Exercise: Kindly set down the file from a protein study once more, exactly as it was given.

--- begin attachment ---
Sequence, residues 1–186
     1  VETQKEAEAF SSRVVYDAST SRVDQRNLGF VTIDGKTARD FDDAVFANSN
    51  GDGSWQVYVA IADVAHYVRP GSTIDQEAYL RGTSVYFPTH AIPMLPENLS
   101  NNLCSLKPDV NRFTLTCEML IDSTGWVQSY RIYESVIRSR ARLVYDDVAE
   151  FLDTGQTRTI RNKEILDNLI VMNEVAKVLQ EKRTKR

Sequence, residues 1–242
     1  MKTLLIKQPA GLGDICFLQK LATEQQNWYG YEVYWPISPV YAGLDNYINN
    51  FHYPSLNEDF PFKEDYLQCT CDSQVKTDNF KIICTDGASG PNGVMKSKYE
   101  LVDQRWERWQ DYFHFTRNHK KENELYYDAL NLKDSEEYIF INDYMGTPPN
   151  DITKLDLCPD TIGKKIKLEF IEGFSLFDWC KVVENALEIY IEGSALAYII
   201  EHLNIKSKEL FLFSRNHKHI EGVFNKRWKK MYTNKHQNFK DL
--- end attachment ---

Sequence, residues 1–186
     1  VETQKEAEAF SSRVVYDAST SRVDQRNLGF VTIDGKTARD FDDAVFANSN
    51  GDGSWQVYVA IADVAHYVRP GSTIDQEAYL RGTSVYFPTH AIPMLPENLS
   101  NNLCSLKPDV NRFTLTCEML IDSTGWVQSY RIYESVIRSR ARLVYDDVAE
   151  FLDTGQTRTI RNKEILDNLI VMNEVAKVLQ EKRTKR

Sequence, residues 1–242
     1  MKTLLIKQPA GLGDICFLQK LATEQQNWYG YEVYWPISPV YAGLDNYINN
    51  FHYPSLNEDF PFKEDYLQCT CDSQVKTDNF KIICTDGASG PNGVMKSKYE
   101  LVDQRWERWQ DYFHFTRNHK KENELYYDAL NLKDSEEYIF INDYMGTPPN
   151  DITKLDLCPD TIGKKIKLEF IEGFSLFDWC KVVENALEIY IEGSALAYII
   201  EHLNIKSKEL FLFSRNHKHI EGVFNKRWKK MYTNKHQNFK DL